The nuclear explosion released a huge amount of radiation, much of it in the visible light and infra red spectrum (longer than visible light). Many people came to hospitals days later with 2nd degree burns, like a sunburn, all over one side of their bodies. Closer to the center of the blast, this radiation just charred people. But the blast only lasted a few milliseconds, so a person standing in front of a wall might have a 'shadow' burned in the wall--that is, the wall was burned -surrounding- their shadow.
In his book The Martian Chronicles, Ray Bradbury wrote one short story called 'There Will Come Soft Rains' about a house filled with robotic appliances that continue to function after the family has been killed in a nuclear war. On the outside wall of the house are silhouettes of a man pushing a lawn mower and two children, one tossing a ball, the other holding her hands in the air to catch it. I was raised at a time when most Americans seemed to believe a nuclear war with the USSR was inevitable, and reading that story cost me a few nights of sleep!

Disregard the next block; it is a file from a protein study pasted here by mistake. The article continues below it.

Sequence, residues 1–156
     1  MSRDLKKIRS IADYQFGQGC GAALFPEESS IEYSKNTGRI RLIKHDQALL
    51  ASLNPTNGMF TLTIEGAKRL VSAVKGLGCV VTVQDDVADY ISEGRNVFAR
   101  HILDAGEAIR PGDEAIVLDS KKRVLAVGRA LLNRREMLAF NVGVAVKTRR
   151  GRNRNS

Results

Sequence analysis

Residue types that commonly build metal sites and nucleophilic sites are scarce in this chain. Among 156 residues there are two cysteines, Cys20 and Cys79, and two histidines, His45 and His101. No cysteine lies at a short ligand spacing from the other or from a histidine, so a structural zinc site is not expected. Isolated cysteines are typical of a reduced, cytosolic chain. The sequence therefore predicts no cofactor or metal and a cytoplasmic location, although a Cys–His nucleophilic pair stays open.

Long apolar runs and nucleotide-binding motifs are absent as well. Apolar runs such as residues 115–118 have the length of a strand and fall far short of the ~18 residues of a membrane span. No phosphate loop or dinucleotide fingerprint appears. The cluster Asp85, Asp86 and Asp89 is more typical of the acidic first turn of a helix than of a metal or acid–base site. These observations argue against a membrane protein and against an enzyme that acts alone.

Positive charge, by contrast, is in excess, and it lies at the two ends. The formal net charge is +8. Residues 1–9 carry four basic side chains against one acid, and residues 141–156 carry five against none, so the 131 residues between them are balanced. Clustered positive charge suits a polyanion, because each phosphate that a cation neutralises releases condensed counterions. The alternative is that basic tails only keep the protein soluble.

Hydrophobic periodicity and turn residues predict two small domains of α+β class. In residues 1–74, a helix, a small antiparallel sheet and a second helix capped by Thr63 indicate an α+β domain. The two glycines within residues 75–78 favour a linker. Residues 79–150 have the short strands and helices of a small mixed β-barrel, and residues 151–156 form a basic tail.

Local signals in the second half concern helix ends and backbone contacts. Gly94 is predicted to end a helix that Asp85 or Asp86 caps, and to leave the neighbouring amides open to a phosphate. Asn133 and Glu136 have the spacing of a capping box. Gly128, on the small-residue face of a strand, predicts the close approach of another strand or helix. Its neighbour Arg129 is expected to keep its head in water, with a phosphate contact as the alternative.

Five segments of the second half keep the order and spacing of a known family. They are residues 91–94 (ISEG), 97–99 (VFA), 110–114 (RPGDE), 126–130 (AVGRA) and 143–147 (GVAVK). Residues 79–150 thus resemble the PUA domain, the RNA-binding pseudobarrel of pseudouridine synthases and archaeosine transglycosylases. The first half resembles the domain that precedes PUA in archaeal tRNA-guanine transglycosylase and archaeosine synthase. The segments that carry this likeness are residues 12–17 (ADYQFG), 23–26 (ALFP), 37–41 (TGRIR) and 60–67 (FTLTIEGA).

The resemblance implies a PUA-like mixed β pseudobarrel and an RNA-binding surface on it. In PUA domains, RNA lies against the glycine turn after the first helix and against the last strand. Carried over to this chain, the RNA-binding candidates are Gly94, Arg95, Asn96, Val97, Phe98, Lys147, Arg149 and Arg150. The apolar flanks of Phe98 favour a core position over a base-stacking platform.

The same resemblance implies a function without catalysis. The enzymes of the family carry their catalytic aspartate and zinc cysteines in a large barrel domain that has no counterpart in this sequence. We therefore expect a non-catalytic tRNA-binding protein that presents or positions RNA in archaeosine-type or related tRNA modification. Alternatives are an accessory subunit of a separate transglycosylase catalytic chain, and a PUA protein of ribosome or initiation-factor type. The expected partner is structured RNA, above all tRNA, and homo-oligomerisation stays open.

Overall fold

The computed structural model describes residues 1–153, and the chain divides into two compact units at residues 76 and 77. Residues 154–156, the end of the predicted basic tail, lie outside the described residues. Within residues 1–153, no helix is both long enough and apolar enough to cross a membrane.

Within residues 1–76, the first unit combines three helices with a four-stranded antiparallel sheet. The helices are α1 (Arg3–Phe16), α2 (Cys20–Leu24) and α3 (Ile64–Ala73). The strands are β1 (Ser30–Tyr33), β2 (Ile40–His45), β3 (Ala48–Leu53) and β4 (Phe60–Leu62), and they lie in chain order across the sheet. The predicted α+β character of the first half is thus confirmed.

Funny thing, all the survivors of Hiroshima testified they saw a bright, bright light, brighter than the sun, followed by a hot wind. But none of them said they heard anything!
· 1 decade ago